ST. LOUIS - The plant was supposed to open by summer's end, employing four dozen people.
It might not have been the most appealing work: butchering hundreds of horses each day to fill dinner plates in Europe. But Rockville, population 166, needed jobs. So residents had embraced turning a defunct beef processing plant into the nation's first horse slaughter facility since 2006.
"The whole town is for it," proclaimed Mayor David Moore in June.
Now it looks like horse meat won't be the town's salvation, at least not anytime soon.
It could take months for a judge to resolve all the questions surrounding the plant's ownership. And that seems to be the least of the problems facing the horse slaughter industry in Missouri and nationwide.
The business of slaughtering horses for human consumption could be legislatively abolished before it has the chance to revive itself.
Congress effectively banned the practice in 2006 by cutting funding for USDA inspections of horse meat. Then late last year, it restored the funding, making horse slaughter legal again.
Congresswoman Sue Wallis, the nation's most visible horse slaughter proponent, announced plans for the Rockville plant in June.
It was her second attempt in less than a year to bring a slaughter house to Missouri. But Wallis hadn't yet purchased the plant.
When Cynthia MacPherson, a lawyer in Mountain Grove, Mo., heard about Wallis' plans, she looked into the plant and found a series of shell corporations and unusual transfers of the property. MacPherson tracked down one of the plant's creditors and sued on his behalf, asking a judge to block any sale of the plant until her client was repaid.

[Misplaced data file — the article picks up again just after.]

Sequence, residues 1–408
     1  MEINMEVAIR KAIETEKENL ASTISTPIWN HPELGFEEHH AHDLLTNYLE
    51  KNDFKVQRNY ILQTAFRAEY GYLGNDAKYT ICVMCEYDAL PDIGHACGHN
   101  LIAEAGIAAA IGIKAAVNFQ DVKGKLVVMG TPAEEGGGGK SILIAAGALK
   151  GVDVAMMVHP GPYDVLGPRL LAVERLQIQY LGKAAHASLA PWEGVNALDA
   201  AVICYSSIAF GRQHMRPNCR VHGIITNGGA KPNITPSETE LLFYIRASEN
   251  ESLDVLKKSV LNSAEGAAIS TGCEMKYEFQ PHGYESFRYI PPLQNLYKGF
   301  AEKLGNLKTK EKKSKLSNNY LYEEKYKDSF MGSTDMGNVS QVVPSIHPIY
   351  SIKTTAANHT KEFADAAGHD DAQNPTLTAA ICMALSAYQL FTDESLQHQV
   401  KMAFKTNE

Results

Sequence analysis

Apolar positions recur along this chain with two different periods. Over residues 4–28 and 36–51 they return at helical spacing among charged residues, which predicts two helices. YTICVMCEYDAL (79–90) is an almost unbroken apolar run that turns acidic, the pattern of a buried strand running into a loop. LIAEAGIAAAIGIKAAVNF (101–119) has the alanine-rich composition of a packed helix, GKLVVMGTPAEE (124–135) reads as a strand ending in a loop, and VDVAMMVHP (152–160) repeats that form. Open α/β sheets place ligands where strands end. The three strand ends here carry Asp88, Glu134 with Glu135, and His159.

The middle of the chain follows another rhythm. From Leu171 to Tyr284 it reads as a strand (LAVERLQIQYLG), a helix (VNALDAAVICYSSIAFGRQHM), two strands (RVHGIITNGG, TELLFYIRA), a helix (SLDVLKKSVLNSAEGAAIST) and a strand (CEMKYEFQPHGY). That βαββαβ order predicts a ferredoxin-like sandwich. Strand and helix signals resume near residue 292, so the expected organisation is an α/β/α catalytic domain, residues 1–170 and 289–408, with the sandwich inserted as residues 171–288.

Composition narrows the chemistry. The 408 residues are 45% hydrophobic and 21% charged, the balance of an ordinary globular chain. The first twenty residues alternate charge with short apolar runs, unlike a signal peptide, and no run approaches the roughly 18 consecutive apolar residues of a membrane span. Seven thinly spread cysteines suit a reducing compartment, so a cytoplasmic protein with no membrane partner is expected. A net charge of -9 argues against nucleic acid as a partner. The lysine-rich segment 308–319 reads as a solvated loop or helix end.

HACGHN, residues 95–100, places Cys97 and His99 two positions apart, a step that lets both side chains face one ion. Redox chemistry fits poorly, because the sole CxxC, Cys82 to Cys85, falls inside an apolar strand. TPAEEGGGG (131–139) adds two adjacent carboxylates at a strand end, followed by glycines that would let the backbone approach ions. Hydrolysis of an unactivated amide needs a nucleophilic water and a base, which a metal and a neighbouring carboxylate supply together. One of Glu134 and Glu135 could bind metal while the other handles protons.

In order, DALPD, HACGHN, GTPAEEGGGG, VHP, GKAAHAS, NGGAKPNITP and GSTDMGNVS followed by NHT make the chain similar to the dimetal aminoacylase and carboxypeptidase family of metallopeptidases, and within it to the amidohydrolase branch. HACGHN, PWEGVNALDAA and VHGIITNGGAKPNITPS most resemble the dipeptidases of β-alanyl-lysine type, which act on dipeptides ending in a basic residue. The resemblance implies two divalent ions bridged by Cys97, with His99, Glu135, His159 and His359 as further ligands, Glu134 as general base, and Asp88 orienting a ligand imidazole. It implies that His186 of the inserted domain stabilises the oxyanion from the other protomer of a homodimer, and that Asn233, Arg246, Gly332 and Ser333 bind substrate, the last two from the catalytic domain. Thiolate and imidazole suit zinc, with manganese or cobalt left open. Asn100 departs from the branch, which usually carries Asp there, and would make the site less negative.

MacPherson had played a large role earlier this year in thwarting plans to open a slaughter house near Mountain Grove. MacPherson closed her law practice for six weeks to rally opposition. She created web pages and delivered fervent pleas to the city council.
Wallis eventually abandoned the Mountain Grove proposal, only to announce a few weeks later plans for the facility in Rockville, about 90 miles south of Kansas City.
In an interview in June, Wallis said she targeted Missouri because of its location.
"If you draw a 500-mile circle around Southwest Missouri, you enclose more than 30 percent of the horses in the United States," Wallis said.
Neither Wallis nor her Missouri business partner, lawyer Dan Erdel of Mexico, Mo., returned phone messages seeking comment about the most recent questions surrounding the plant.
In recent weeks, Wallis has announced plans for another facility in eastern Oklahoma.
But her chances there also appear dim. For example, it's unclear how she would circumvent an Oklahoma law that prohibits horses from being slaughtered for human consumption.
Wallis' critics contend she's merely using the announcements as a way to promote horse slaughter.
"She does that all the time," said Valerie Misita Pringle, an equine protection specialist with the Humane Society of the United States. "I think she is trying to promote the idea that these horse slaughtering plants are inevitable."
For its part, the USDA has said it can't begin inspecting horse slaughter plants until the end of the year.